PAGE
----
April 1, 2015 / 7:00 AM / 5 years ago

Typhoon hurtles toward central Philippines, tourists warned

MANILA (Reuters) - The Philippines put troops on alert on Wednesday and prepared food and medical supplies as it warned residents and tourists along its eastern coast to be ready for a super typhoon expected to land some time in the next 72 hours.

Typhoon Maysak, initially a top-rated category 5 typhoon, weakened slightly as it moved towards the Philippines, hurtling over the Pacific Ocean with winds gusting up to 225 kph (140 mph), the weather bureau said.

It is expected to further weaken once it hits the central or northern parts of the main Philippine island of Luzon on Saturday or Sunday, the agency said, as the Philippines celebrates the Easter long weekend.

“This is very strong and it will maintain its strength as it nears, although we expect that the typhoon will weaken,” Esperanza Cayanan, an officer at the weather bureau, said in a televised briefing.

“But this will still be typhoon intensity so it will bring strong winds when it makes landfall on the eastern coast,” Cayanan said.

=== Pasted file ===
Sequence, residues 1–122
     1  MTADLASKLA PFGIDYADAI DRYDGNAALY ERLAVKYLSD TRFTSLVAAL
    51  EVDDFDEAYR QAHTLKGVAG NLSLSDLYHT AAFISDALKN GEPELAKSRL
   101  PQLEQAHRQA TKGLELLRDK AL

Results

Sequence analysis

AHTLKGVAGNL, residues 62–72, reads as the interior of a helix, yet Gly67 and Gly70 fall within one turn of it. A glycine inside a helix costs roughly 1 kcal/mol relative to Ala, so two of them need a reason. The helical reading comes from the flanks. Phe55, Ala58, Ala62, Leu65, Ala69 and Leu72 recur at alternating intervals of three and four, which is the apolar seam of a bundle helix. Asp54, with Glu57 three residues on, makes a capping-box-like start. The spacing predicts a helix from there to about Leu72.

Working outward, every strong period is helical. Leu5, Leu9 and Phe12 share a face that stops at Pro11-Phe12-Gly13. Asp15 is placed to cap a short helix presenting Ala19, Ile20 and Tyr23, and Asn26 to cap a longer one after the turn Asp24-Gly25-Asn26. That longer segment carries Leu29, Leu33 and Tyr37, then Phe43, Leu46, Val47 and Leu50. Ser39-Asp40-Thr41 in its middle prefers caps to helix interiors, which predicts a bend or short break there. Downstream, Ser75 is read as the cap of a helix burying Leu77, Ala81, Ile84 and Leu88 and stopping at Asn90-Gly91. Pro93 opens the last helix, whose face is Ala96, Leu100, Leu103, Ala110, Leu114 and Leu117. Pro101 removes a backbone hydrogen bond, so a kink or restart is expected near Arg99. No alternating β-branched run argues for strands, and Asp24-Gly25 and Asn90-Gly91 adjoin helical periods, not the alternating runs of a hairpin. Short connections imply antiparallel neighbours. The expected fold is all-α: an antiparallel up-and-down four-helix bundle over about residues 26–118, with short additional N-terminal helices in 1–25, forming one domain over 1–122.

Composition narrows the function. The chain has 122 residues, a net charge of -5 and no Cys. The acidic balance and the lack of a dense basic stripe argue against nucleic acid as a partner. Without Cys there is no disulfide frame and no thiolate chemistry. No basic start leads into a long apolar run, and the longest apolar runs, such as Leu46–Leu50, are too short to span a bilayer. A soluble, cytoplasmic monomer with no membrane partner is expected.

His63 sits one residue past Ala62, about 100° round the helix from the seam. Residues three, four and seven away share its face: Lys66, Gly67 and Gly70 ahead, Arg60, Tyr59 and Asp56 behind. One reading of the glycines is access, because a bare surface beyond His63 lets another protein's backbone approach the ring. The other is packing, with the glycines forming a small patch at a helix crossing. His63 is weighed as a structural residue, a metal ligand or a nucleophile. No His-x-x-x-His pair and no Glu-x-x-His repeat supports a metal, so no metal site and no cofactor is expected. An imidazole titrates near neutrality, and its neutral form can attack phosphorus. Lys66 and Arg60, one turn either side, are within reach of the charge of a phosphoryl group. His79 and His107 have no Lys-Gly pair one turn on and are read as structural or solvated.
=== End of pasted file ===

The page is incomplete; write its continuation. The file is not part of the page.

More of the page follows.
British-based Tropical Storm Risk said Maysak would likely weaken to a category 2 typhoon, with maximum winds of up to 175 kph (110 mph), when it hits land.

The typhoon could damage rice and corn crops in central and northern areas of the Philippines, although damage is likely to be minimal because the major harvest of the national staple rice was finished around February.

Alexander Pama, executive director of the national disaster agency, said the biggest challenge for authorities would be keeping foreign and Filipino tourists traveling to northern provinces for the weekend safe when Maysak makes landfall.

Thousands of Filipinos have already begun traveling to the provinces and popular tourist spots before the Easter weekend.

Maysak is not expected to make landfall where another category 5 typhoon, Haiyan, struck more than a year ago, leaving nearly 8000 dead or missing.

(This version of the story corrects the name of the typhoon and projected landfall in the last paragraph)

Reporting by Rosemarie Francisco; Editing by Paul Tait and Jeremy Laurence

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